Conventional stamping processes used to form probes often result in residual stresses in the probes which may cause reduced fatigue life. Because these residual stresses can change over time, changes in probe stiffness may arise. In addition, changes in the requirements for probes require retooling. Such retooling contributes to a high cost for probes manufactured in such a fashion and require a substantial lead time before such probes are available. It is also the case that mechanically fashioned probes are more difficult to redesign as their construction is closely tied to the mechanical means by which they are created.
 There therefore exists a need for a method of manufacturing such probes that avoids the problems which arise from mechanical formation. There is further a need for such a method substantially amenable to producing probes of different designs absent a protracted retooling process.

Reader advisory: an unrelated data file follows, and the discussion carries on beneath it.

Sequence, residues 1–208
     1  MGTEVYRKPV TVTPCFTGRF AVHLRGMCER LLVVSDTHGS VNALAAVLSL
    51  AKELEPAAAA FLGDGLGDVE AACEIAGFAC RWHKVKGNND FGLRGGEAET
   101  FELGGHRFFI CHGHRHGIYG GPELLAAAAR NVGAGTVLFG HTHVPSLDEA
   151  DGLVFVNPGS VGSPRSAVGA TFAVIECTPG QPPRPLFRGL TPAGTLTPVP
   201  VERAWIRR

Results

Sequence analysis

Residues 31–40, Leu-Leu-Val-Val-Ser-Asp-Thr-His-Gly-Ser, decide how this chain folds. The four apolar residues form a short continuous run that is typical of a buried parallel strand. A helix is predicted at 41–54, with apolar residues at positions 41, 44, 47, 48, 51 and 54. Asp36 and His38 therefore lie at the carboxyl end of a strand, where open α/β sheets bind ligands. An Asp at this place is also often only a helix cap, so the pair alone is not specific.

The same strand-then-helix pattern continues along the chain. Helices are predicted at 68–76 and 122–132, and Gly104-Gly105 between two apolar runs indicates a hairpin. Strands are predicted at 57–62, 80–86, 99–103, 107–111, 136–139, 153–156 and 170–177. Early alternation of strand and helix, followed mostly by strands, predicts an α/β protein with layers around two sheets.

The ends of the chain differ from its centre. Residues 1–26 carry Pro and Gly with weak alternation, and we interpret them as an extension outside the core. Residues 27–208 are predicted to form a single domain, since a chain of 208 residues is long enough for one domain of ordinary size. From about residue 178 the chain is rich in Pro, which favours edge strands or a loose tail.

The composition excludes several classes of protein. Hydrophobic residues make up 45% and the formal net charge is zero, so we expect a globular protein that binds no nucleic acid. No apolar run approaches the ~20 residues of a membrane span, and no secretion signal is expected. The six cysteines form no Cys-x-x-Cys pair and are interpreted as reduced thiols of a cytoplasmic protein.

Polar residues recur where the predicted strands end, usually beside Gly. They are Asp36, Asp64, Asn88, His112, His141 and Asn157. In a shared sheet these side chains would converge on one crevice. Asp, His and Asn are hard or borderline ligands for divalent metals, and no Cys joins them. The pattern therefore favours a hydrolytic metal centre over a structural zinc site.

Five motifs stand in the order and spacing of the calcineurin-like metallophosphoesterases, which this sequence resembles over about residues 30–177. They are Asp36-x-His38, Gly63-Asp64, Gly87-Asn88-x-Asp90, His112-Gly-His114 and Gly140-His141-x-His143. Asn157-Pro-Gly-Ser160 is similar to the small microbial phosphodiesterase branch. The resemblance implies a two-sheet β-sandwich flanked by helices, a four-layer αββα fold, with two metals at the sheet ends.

One aspect of the instant invention is drawn to a method of fabricating a plurality of micro probes comprising the steps of defining the shapes of a plurality of probes as one or more masks, applying a photoresist to first and second opposing sides of a metal foil, overlaying one each of the masks on opposing first and second sides of the metal foil, exposing the photoresist to light passed through each of the masks, developing the photoresist, removing a portion of the photoresist to expose a portion of the metal foil, and applying an etcher to the surface of the metal foil to remove the exposed portion to produce a plurality of probes.